You may be a mean one, Mr. Grinch, but you’re no Pokémon.
Jim Carrey’s turn as the furry, green, would-be Christmas stealer may be a big box office draw, but it’s not likely to generate much buzz in toy aisles — at least not enough to provide retailers with a blockbuster season. There’s simply a lack of the sort of hot items that, in the past, have sparked shopping center brawls among full-grown adults, and that makes this year a challenging one for toy retailers — both offline and online.
“It’s a pretty dull year in the toy business,” said Tom Alfonsi, executive vice president of merchandising at KB Toys.
Outgrowing the Toy Store
It’s not as simple as a lack of Furby-worthy ideas. First, the manufacturers have had a tough couple of years. Mattel has been distracted by its disastrous purchase and sale of the Learning Co. Hasbro, meantime, has seen once-hot demand for Star Wars and Pokémon merchandise decline. In October it warned of lower-than-expected earnings and said it would close three production facilities. That kind of turmoil has likely led to caution, said Alfonsi.
Moreover, Alfonsi said the phenomenon of age compression-or kids growing up faster — is real. “They’re playing sports at a younger age, and they’re into music and fashion much earlier than they ever were,” he said. “Fifteen years ago a 10-year-old girl was interested in a toy store. Not anymore.”
The result: There just aren’t too many hot items out there. The year’s great electronic hope, Sony’s Playstation 2, isn’t going to be widely available due to shortages. “If there was substantial product, we’d be talking about Playstation 2 as a major growth engine,” said Toys R Us CEO John Eyler. Pokémon and Star Wars are passé, and there aren’t any other big toy licenses that are expected to drive sales.
“We had the opportunity to do stuff with the Grinch, but we didn’t buy any merchandise at all,” said Alfonsi. “Once Dec. 26 comes around, it’s all markdowns.”
Scooters, Robotic Dogs Sell Well
So what are toy retailers doing about it?
First, though there’s nothing on the level of a Cabbage Patch Kid, there are some items that are expected to sell well. Although scooters have already been wreaking havoc on the sidewalks in some areas, there’s still some demand out there for Razors and their knockoffs. Robotic dogs like Fisher-Price’s Rocket the Wonder Dog and Manley’s Tekno the Robotic Puppy will also likely sell well, particularly after Sony’s pricey version got some air time on the latest installment of the MTV series The Real World.
Toys R Us, which last year suffered when it ran out of key products, this year says its goal is to stay in stock on the 1,500 top items in the hopes of having a broad-based holiday sales success. “It’s tougher to generate the volume without hot items,” conceded Eyler. “But it bodes well for the future if we can do it.” That includes emphasizing traditional items like dolls and games. “Basic areas are fundamentally strong,” said Gregg Steinhafel, president of Target’s namesake discount division.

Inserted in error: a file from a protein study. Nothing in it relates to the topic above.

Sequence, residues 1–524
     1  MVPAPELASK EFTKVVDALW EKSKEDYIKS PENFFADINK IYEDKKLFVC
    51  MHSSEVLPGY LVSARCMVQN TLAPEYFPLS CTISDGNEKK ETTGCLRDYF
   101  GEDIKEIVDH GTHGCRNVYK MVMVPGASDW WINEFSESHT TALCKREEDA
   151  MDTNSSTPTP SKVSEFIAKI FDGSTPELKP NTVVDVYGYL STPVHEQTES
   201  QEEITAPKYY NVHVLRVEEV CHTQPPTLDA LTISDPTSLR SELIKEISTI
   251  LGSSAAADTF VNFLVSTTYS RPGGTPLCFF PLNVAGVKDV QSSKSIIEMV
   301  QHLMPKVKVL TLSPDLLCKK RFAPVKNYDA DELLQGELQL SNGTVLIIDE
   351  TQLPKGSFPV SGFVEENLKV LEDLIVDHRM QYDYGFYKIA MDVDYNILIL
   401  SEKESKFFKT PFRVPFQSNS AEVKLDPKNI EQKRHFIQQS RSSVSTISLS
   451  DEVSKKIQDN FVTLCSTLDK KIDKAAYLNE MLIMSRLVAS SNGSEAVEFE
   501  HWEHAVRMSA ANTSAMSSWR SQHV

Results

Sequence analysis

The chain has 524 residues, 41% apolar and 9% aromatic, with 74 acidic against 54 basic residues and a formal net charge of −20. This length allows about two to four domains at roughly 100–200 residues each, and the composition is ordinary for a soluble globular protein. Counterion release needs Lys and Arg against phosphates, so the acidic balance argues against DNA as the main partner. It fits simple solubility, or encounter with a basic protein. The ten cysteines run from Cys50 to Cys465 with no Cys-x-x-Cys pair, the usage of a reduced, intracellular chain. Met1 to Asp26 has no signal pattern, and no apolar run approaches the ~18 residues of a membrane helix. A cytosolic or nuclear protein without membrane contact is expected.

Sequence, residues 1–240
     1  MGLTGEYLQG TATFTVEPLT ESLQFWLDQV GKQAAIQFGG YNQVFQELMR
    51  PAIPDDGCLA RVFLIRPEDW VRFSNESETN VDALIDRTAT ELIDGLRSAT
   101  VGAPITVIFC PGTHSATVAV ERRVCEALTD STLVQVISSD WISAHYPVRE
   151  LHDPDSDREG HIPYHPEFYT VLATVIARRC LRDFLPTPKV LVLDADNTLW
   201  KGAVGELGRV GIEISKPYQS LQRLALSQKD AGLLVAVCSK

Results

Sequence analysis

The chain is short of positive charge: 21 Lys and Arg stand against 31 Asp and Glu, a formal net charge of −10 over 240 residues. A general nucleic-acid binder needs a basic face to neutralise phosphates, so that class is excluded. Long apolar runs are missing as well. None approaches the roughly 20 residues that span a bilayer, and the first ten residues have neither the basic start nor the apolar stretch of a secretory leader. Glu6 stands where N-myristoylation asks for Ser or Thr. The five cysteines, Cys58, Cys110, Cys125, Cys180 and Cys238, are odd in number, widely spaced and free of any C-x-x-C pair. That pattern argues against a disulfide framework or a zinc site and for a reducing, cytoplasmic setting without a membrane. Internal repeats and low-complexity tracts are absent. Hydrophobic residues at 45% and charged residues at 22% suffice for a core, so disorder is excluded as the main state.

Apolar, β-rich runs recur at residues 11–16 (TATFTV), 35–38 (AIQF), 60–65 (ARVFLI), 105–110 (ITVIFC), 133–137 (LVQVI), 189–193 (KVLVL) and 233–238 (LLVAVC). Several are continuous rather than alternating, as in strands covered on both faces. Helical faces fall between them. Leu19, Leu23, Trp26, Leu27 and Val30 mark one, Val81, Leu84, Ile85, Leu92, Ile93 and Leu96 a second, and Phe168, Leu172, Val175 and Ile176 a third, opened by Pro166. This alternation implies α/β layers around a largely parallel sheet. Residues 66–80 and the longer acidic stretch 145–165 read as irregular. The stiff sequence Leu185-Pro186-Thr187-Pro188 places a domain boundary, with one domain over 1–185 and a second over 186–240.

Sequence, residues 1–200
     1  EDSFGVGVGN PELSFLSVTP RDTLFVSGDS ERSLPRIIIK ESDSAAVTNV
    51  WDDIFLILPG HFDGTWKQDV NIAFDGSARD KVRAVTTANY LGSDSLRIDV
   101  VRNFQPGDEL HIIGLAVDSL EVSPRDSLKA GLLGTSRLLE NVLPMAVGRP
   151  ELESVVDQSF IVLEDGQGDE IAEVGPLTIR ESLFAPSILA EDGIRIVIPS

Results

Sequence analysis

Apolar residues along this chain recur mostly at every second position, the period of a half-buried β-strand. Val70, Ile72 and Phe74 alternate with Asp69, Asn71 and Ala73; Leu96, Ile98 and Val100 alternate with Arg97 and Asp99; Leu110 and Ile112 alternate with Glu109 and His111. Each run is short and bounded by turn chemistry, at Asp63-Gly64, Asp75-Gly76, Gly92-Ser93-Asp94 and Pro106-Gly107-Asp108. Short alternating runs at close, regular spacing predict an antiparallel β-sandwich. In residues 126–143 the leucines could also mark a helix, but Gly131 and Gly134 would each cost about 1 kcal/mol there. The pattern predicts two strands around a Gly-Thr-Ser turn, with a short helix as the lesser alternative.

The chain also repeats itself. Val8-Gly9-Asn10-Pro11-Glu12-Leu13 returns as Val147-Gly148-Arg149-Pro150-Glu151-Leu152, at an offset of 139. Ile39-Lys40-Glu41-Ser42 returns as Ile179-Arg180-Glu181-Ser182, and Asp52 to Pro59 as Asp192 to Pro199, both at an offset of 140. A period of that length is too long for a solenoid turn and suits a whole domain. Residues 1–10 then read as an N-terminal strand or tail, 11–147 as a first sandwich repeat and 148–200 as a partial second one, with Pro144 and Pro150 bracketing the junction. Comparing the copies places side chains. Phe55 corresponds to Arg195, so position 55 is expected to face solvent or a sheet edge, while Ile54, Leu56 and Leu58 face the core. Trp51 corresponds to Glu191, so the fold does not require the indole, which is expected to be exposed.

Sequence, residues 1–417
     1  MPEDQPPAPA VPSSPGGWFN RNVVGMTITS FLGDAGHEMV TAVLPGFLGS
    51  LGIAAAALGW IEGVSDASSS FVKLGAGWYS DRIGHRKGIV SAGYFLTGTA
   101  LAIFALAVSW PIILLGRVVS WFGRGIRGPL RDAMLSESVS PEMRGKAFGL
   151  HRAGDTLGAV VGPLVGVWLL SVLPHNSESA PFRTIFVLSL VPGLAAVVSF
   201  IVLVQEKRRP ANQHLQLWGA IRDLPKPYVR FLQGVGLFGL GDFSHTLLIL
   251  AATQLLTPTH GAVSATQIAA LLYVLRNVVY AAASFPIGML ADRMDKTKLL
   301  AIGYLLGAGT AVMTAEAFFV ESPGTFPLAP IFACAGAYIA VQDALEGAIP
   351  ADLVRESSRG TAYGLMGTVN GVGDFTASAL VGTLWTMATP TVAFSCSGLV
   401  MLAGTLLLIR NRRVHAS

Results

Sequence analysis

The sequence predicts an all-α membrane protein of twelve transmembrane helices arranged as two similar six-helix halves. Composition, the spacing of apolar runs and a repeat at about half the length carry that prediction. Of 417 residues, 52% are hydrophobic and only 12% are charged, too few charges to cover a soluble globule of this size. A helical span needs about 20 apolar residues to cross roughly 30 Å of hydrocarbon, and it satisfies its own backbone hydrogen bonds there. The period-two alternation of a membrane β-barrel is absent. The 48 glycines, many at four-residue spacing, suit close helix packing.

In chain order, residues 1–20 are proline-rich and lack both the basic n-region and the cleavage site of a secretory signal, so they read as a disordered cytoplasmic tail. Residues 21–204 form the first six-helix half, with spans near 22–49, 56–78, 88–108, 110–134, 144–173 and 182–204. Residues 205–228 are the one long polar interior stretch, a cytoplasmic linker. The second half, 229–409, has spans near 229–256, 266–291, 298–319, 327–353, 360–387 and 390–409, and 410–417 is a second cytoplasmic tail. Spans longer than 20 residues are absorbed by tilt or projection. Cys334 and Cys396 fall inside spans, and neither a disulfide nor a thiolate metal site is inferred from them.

Let’s Make a Deal
And, of course, like retailers everywhere, toy sellers are offering money-saving promotions. Amazon.com and ToysRUs.com’s jointly operated site is offering free shipping before Nov. 22 on orders of $100 or more. Given that the consumer is likely to be more reluctant to spend this year, “Pricing is definitely going to be an issue” for driving sales, says Emme Kozloff, a retail analyst at Sanford Bernstein. That’s especially true for online retailers, since prices can be so easily compared. Kozloff compared prices on 10 top items at five sites: WalMart.com, Target.com, Kmart’s Bluelight.com, Amazon/ToysRUs.com, and eToys. Wal-Mart.com had the best prices on half the items and was either No. 1 or No. 2 in nine items. eToys, meantime, was top on three categories and in the top three 60 percent of the time. And Amazon/ToysRUs.com was in the top three on all 10 toys but had the best price on only one item.
Toys Aren’t Everything
So how will this all shake out? Toys R Us, for one, is optimistic about the holidays. Officials said the company would meet or exceed analysts’ estimates for the fourth quarter and the fiscal year. Its stock rose close to its 52-week high on the news.
Wal-Mart is so huge that toys aren’t going to make a big difference to its bottom line, anyway; it can easily cut prices on the most popular items to generate traffic in its stores. Trickier to forecast are the fortunes of KB Toys — being sold by its parent, Consolidated Stores — and its affiliated Web site, KBkids.com, which last year spent heavily to build its brand. This year it’s pulled back on marketing, has cut the number of items it offers and is no longer trying to compete so aggressively on price.
The lackluster season may be toughest on the pure-play e-tailers, who are racing to gain enough scale to reach profitability before their money runs out. SmarterKids.com said last week it would merge with privately held Earlychildhood.com and start making money next year.
eToys, meantime, is trying to reinvent itself as a specialty retailer, with separate eToys.com, BabyCenter.com and ParentCenter.com brands.
And there’s no Pikachu to the rescue. Next: Good News at the Gap